What popped into my head just before I sat down to blog tonight was the inscription Alexander Pope wrote for the collar of George II's little dog:
I am his majesty's dog at Kew.
Pray, Sir, whose dog are you?
I love the satire of the 1% here (get it? The folks fondling this little dog and reading its collar were courtiers, the King's inner circle, somewhat like the 1% of 2012). But really, the reason this verse jumped into my head tonight was not because I crossed paths with some heartless billionaire (not bloody likely, mates).
It was the second line, out of context, that spoke to me. Except I substituted the word "boy" for dog. As in, "Who the hell is this man-child sitting in the back seat of my car. Hey, Kid! Have we met?"
I mentioned in a recent post that puberty is changing our playing field. Yup. And my big question is, how will puberty affect Benjy's (fragile) mental health? I'm afraid we are getting an inkling of the answer.
Yesterday we began a vacation (I know, unbelievable) with my best friend and her son, who happens to be Ben's best friend. We did this once before, about three years ago, when Ben was in the throes of PTSD (the result of a scary tire blowout on the Massachusetts Turnpike the year before. Ben would not ride on any highway or large road for about two and a half years. Major panic attacks would ensue if we tried).
That last vacation was really tough; two days in, Benjy could only think with deep agitation about the impending ride home. It was not a fun time.
But this summer we though we'd try again, This time the road trip was about as long as the last (6 hours) but we'd all be riding together in one van.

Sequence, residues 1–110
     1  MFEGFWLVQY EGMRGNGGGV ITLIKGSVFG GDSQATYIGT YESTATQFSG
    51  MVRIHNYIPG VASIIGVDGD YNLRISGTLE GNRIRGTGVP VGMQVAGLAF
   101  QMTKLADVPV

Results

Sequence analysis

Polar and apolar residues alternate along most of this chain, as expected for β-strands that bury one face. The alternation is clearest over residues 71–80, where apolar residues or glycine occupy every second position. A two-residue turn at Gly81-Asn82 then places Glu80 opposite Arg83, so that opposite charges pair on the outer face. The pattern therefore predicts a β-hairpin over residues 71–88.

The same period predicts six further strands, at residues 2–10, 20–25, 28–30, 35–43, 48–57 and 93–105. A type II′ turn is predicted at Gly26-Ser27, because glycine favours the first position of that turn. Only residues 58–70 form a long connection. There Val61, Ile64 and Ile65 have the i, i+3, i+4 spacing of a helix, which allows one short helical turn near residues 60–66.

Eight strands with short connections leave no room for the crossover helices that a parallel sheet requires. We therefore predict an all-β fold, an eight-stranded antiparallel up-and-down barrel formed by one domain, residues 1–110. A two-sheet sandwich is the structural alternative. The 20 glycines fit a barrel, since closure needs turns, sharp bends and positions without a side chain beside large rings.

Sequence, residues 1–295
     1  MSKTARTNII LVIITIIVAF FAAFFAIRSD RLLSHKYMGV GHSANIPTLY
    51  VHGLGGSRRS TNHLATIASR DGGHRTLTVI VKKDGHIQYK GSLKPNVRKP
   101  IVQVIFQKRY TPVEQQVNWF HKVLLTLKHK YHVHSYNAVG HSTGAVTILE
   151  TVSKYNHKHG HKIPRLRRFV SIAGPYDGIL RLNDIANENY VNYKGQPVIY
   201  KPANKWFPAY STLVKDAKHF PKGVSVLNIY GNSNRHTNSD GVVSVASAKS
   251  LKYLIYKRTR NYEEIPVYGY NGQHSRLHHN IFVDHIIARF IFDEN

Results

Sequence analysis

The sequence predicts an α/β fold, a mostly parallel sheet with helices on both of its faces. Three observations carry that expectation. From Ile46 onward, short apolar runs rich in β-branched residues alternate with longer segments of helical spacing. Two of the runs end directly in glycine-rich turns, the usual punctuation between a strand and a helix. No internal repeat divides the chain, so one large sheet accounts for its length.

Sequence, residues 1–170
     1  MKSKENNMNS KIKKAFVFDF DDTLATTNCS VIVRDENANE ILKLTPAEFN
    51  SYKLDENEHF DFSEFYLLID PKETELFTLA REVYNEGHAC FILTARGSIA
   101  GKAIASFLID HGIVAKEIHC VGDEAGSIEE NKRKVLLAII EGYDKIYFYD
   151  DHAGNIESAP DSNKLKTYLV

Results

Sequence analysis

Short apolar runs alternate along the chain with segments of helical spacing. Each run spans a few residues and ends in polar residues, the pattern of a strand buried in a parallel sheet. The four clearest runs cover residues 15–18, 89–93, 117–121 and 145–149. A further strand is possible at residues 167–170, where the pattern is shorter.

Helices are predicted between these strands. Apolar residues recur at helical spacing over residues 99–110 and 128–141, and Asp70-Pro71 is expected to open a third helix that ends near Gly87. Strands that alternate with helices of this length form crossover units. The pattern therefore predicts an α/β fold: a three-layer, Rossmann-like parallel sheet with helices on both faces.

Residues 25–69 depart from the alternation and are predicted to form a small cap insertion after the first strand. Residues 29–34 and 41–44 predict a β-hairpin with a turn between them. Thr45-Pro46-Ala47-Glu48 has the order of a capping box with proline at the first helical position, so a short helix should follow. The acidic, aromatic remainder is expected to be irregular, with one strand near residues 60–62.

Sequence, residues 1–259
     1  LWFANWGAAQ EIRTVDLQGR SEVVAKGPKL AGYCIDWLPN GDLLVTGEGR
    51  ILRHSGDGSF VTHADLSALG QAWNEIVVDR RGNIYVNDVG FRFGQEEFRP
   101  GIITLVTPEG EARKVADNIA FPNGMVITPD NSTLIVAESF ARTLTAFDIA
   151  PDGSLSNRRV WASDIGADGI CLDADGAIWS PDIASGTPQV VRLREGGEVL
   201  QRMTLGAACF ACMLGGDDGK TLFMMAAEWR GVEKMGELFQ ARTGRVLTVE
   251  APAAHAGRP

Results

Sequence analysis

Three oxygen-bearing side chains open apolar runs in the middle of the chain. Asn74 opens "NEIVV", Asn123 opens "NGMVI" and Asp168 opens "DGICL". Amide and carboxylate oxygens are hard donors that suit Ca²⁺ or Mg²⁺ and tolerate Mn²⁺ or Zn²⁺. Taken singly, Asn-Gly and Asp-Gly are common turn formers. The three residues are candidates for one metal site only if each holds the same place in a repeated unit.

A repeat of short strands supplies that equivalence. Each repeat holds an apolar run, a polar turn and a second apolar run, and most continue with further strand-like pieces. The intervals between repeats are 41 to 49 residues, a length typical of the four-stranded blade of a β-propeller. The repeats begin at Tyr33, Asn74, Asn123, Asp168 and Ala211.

I should have known how it was going to shake out when, on Thursday night, Ben did not sleep much. Then, when the social worker at school called me on Friday to say he'd needed to sleep most of the day, citing his anxiety about the trip, it should have been confirmed: this trip was going to be a problem. But last night we drove to A and M's house in Connecticut, where we would sleep over before driving to the Jersey Shore this morning. And last night Benjy simply did not sleep. I learned this when I woke at six this morning and found him in the living room using my laptop. He told me he'd been up since five, but when A woke she informed me he'd been up all night -- and kept her up -- watching YouTube videos and shooting a toy metal gun belonging to M.
Click, click, all night long, right next to A's bedroom. I'm surprised A. didn't kick the whole lot of us out to our car.
I gave Ben an Ativan an hour before we left, but Readers, let me just say that Ativan does NOT avert psychiatric meltdown. It may blunt, but it does not prevent.
The whole six hours, he made annoying noises, uttered his creepily dark ideas, was insolent and angry. At times he had an odd, displaced look about him. It's a look we hadn't seen in a long time.
I could say more about the way Benjy was today, but it makes me too sad. Suffice it to say that I did not completely recognize him. Who he was, was a variation of whom he's been in past, dysregulated days -- but different, too. Angrier, and more insolent. Resistant. He scared me a little.
And one of the worst things of all is that my dear friend, who has always cared for Ben, and who has ALWAYS been there for me on this difficult journey, is not getting it. I can see in her eyes that she doesn't like him right now, and that she doesn't believe he's anything but a badly behaved kid.
That, as any parent of a kid with autism and/or mental illness will tell you, is a simple reality. People look at us like we are the worst parents ever, like our kids are losers, or bad people. And that hurts something fierce.
So I did the only thing I could: I doped him up on extra melatonin and his usual Clonidine so he will sleep tonight, and crossed my fingers that tomorrow will be better.
Maybe A. was just tired. And maybe Benjy is tired, too.
God knows I am. I'm exhausted.